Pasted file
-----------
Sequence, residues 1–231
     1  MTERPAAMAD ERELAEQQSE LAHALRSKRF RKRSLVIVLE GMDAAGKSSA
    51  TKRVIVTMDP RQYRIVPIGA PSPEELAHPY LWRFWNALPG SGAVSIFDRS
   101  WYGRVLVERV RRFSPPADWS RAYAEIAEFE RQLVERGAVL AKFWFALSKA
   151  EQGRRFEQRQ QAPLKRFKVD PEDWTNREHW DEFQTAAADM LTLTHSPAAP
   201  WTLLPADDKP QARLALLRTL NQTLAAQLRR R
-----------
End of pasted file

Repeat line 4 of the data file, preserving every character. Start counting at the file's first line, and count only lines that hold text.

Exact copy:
   101  WYGRVLVERV RRFSPPADWS RAYAEIAEFE RQLVERGAVL AKFWFALSKA